Ben Abraham Turns His Difficult Past Into A Beautiful Expression On “Requiem”

Videos by American Songwriter

Videos by American Songwriter


“It’s been a very strange 18 months,” Ben Abraham said on a Zoom call with American Songwriter.

For the Australian singer-songwriter, the time since the onset of the COVID-19 pandemic has certainly been a doozy. In addition to facing the same struggles and economic anxieties faced by musicians of all scopes, the 36-year-old had recently moved to Los Angeles, had just finished a six-year-long writing process, and was ready to share a new album with the world… then, March came and the world closed.

“I kicked 2020 off by playing the album in New York for Atlantic for the first time—they had a great reaction and there was just a super exciting buzz in the air,” he said. “I got back to my place in Los Angeles to get ready for the year, mapping it out, looking at everywhere I was going to play and all of that. Then, around two weeks later, everything shut down. I got the call saying that, basically, it just wasn’t going to be my year. So, since then, my pandemic experience has been a bit of solitary soul-searching in my new home.”

Yet, the time wasn’t spent entirely idle—rather, Abraham began to revise and rework the record he had made, augmenting it and really allowing its essence to come to life. Now, he’s gearing up to finally share his efforts with the world. His sophomore album is due in early 2022—on July 22, Abraham shared the second single: “Requiem,” a moving tune that captures who he is as a writer.  

“‘Requiem’ was inspired by a time in my own life when I was a leader at my church,” Abraham began, telling the story of the single. “My parents were pastors and I was one of the kid leaders… and in the last few years, I screwed up really badly. So, there was a specific day—and this usually sounds so intense for people (which, I guess it was intense)—where I had to sit in a room with a bunch of the other leaders and basically confess all of my sins. I had to bare my soul and say ‘These are all the things that I’ve done wrong.’ And, like, it was a largely ‘supportive environment,’ but looking back, it was a traumatic experience. It became a huge turning point for me… both in my life and in the way I write music.”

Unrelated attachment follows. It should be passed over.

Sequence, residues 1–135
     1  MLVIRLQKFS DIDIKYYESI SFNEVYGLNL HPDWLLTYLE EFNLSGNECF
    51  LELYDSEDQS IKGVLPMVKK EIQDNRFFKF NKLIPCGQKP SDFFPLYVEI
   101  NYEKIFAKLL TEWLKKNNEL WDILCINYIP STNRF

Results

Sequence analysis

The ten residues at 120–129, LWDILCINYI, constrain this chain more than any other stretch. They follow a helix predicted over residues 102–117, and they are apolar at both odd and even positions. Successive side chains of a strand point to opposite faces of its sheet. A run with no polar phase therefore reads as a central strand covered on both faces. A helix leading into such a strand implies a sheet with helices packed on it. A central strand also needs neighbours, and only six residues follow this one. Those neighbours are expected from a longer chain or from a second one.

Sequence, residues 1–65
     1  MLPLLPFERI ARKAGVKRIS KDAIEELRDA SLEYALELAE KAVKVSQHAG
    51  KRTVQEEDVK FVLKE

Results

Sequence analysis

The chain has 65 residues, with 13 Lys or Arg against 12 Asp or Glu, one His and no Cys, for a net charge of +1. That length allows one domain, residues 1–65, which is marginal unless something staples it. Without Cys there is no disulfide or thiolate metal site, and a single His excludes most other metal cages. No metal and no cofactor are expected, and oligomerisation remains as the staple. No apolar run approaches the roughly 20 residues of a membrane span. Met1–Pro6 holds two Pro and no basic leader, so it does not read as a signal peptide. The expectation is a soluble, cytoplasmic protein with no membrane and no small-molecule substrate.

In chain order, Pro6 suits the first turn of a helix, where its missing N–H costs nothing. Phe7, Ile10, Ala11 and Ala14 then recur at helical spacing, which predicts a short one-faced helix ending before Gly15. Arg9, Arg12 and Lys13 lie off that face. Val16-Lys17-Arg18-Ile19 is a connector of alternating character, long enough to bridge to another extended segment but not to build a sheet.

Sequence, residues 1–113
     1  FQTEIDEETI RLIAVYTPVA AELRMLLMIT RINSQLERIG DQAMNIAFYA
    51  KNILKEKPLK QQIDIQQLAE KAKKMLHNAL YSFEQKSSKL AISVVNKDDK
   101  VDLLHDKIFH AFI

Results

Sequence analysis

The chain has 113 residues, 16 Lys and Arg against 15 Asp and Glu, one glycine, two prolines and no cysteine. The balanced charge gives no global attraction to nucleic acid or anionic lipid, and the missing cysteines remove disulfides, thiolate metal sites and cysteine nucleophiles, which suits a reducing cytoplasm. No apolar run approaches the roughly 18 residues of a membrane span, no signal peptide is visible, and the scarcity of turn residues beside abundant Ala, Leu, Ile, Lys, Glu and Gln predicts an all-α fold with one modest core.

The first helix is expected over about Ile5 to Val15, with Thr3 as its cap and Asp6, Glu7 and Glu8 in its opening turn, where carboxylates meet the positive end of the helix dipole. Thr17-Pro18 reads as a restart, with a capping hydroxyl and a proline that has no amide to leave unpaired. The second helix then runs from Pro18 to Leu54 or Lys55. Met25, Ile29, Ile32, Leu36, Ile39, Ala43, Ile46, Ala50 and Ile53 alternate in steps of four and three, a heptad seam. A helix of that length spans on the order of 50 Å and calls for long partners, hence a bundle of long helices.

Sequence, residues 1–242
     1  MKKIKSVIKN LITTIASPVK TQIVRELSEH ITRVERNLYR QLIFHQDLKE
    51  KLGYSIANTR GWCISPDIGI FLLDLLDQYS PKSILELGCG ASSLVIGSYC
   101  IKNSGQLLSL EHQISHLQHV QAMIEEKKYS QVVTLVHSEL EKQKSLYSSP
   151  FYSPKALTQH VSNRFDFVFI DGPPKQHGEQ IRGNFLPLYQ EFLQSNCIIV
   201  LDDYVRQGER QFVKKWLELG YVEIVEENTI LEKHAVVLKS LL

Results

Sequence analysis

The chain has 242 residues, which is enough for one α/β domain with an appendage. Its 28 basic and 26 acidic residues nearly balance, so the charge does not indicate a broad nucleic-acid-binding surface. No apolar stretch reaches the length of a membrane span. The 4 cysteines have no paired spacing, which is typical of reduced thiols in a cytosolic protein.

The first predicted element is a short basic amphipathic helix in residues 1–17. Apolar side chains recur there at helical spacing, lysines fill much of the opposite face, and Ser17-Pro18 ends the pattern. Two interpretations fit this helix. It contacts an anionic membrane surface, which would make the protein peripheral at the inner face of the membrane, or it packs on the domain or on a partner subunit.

See, Abraham has been a successful songwriter for years—both with his own output, but also with a variety of big names, like Kesha, Demi Lovato, The Chicks, and more. Through it all, what’s made his writing so uniquely compelling is his ability to lay down the honest, straight-from-the-heart truth… a skill he picked up trying to make sense of that traumatic day through song. 

“The way I write music largely comes out of having those real experiences—I just write what’s going on, really,” he said. “I try to keep it as narrative-driven as I can. That’s where ‘Requiem’ came from—me coming out of the haze of all those years.”

To that end, the resounding theme of “Requiem” lands with exquisite tact. In the chorus, Abraham makes an emotional appeal, explaining that the source of his wrongdoing wasn’t anger… it was sadness. Then, building from there, the indie-folk arrangement bubbles and grows, leading to a climax akin to early Bon Iver or Vance Joy’s more meaningful work. Through it all, the uber-personal story of Abraham’s traumatic experience with the church leadership guides the way, but a more universal realization is reached by the end.

“I think the greatest works of art do that—they come from a very personal place, but then speak to something bigger,” Abraham said. “I think that’s a tension that all songwriters experience, especially as you start to get more and more entranced in the art-form. You can’t help but be aware of the fact that an audience is going to listen to everything you’ve written. But at the same time, you have to remember that the most powerful thing you can do is be truthful to your own story. That’s how you reach that sorta weird alchemy—somehow, in being specific to yourself, people see themselves more. So, it’s always encouraging to hear that people can interpret things differently, especially with songs where you’re like, ‘Well, that tells a very specific story.’ Then, somebody hears themselves in your work, so you go ‘Oh thank God, it does work!’”

For now, Abraham is overjoyed to finally be sharing this music with the world and has an excited eye on the coming months. As aforementioned, he first began working on this new batch of songs six years ago… so he’s been sitting on these personal revelations for a long time. Sharing them now, he feels like a beautiful era is just beginning. 

“Once this album comes out, I’ll be able to fully tell the story, I’ll be able to convey the overall arc,” he said, concluding. “That’ll be another interesting step for me, especially as I’m getting more and more of a taste of what it feels like to be vulnerable. I can already feel the power of it. There’s a certain confidence that comes from telling the truth. When you’re trying to be someone you’re not, you’re always doing the mental gymnastics of trying to keep up with that facade. Whereas if you just relax and go with the truth, there’s a beautiful simplicity to it all. Like, ‘This is just what happened.’ That’s definitely inspired me. And, besides… the world is on fire right now. I think the best thing I have to offer is just telling some actual truth.”


Ben Abraham’s sophomore album is due in 2022—watch the visualizer for the single “Requiem” below:

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